Don’t take your health into your own hands

The lack of clear regulatory framework has been a major challenge to the growth of the dietary supplements market in India. Around 60 percent of the dietary supplements sold across India are fake, counterfeit, unregistered and unapproved, in addition to being extremely difficult to identify…
By Amresh kumar Tiwary

In India, protein supplements are priced high, making it quite expensive for consumption on a regular basis by the lower middle class and rural population of the country. Dietary supplements manufacturers are providing an increasing amount of information to customers to make them aware about their products. Market players are currently undertaking a number of measures to win customer trust and improve overall quality standards in the industry.

Consumers prefer dosages in the form of capsules since they are easier to swallow and offer more formulation flexibility. Liquid encapsulation is one of the emerging technologies and it provides superior safeguarding of the ingredients through moisture protection.

This trend has benefited VMHS manufacturers because many supplement purchases are the result of consumers taking their health into their own hands, not the direct advice of a doctor.

VMHS manufacturers have encouraged this self-directed behavior by improving their education and marketing efforts, and targeting consumers both on and off-line. Additionally, as consumers become more educated, they are increasingly interested in personalized VMHS solutions and are leveraging online tools provided by retailers and manufacturers to create a personalized regimen.

VMHS manufacturers are highly fragmented and are accessing new sales channels to reach a diverse and broad set of customers. The leading manufacturer Living Essentials, for instance, maintains only 7 percent market share, and the top five branded manufacturers together hold less than a 25 percent market share. Private label accounts for 10 percent of sales. Such fragmentation is the result of a general lack of brand awareness and an absence of consumer loyalty within the category.

The highest concentration of VMHS sales are in super/hyper markets, with online stores and specialty retailers such as GNC following closely behind. As they’ve grown in popularity due to their perceived higher product quality and private label options, specialty retailers have contributed significantly to channel proliferation.

Historically, VMHS marketing has been focused on promoting a specific ingredient that addresses a consumer health need –e.g. omega 3 for heart health or lutein for eye support. This emphasis created a market in which products were commoditized and consumers had difficulty differentiating between brands. To combat this, marketers have recently begun to tailor their consumer messaging to include a focus on a holistic benefit platform, in the hopes of encouraging usage of a broader array of products.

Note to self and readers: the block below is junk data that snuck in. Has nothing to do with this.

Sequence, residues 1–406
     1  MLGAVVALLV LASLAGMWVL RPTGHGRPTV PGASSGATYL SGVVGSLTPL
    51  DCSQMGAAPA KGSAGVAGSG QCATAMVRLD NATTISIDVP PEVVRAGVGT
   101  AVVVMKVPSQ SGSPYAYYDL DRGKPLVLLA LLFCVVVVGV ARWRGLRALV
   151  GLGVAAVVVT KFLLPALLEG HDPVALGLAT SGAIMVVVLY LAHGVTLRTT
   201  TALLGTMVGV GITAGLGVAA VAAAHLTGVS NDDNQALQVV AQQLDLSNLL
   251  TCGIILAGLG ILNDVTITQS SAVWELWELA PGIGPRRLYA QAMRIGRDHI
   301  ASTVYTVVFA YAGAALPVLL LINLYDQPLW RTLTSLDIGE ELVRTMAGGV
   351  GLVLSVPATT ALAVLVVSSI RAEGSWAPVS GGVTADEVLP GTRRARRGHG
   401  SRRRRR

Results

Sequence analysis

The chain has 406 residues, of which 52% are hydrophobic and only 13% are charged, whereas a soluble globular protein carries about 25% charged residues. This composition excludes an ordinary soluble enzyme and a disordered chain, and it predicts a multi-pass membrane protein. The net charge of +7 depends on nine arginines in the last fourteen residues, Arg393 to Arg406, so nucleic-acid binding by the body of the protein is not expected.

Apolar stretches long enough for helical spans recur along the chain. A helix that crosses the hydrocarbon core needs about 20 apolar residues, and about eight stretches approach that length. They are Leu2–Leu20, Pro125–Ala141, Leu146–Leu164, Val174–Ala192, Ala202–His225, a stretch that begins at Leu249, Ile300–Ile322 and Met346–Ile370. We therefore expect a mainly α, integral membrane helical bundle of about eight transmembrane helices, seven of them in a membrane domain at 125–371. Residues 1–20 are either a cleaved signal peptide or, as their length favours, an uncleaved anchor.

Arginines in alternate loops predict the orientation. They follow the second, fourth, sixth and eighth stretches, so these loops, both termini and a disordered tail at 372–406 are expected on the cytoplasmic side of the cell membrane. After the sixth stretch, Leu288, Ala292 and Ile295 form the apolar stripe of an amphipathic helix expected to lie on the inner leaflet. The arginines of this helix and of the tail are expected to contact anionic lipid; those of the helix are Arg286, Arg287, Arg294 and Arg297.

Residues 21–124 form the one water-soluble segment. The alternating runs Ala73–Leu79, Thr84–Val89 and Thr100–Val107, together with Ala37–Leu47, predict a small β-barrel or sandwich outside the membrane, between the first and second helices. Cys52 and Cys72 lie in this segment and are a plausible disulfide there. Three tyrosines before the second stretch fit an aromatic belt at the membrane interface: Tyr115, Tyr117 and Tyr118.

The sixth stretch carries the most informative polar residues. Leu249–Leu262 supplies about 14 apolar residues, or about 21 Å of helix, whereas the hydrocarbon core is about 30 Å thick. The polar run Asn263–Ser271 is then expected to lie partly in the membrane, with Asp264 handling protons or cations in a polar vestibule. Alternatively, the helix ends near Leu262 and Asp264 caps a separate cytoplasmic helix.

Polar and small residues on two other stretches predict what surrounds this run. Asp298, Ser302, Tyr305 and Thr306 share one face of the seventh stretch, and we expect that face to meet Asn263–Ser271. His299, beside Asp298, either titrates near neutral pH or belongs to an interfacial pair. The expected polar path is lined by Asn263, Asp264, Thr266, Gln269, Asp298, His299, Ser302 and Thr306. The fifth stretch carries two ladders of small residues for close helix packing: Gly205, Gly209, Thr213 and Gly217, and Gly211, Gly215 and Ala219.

One manufacturer’s family of preventative eye health solutions and General Mills’ heart healthy cereals are prime examples of this growing trend. Through targeted marketing efforts, these companies have successfully created a need and sold a benefit oriented solution to consumers. VMHS manufacturers are also using the benefit platform as a way of achieving a differentiated, premium positioning in the market place, appealing, for instance, to expectant mothers, heart health, 60 plus men, or other specific consumer segments. The resulting expanded suite of product offerings has been a primary driver of growth within the category.

As branded product recalls continue to occur and more purchase decisions are based on specific needs. The consumers’ comfort with private label substitutes gains in strength. The retailers like Walmart and Costco are also fueling the trend by continuing to enhance their own private label offerings through new branding and formulations, improved packaging, and in-store consumer education. Many retailers are also now positioning their store brands as “lifestyle brands,” in an attempt to set them apart and build loyalty with customers.

Safeway, for instance, has publicly stated that in ten years it will no longer be a grocery store selling wellness products. Rather it will be a wellness store selling food, with the Safeway brand leading the change. Given the attractive margins and consumer loyalty that private label VMHS brands can garner, retailers are likely to continue investing in these products, further fueling their growth.

Despite VMHS being a relatively difficult category for consumers to shop for online without prior product knowledge, online sales have experienced a dramatic increase over the last five years. The primary driver of this has been retailers’ focused efforts on improving the online shopping experience through better online education and targeted marketing. This has increased the comfort level consumers have for buying this category online. Amazon, for instance, recently launched a site dedicated to products appropriate for the 50 plus demographic, one that’s easy to shop for by need state. Competing with Amazon are a variety of start-ups and established players (e.g., who are creating a meaningful online presence as a specialty VMHS destination. Many sites now have live chat options to help instantly address the sorts of specific consumer questions that were previously a barrier to online purchases.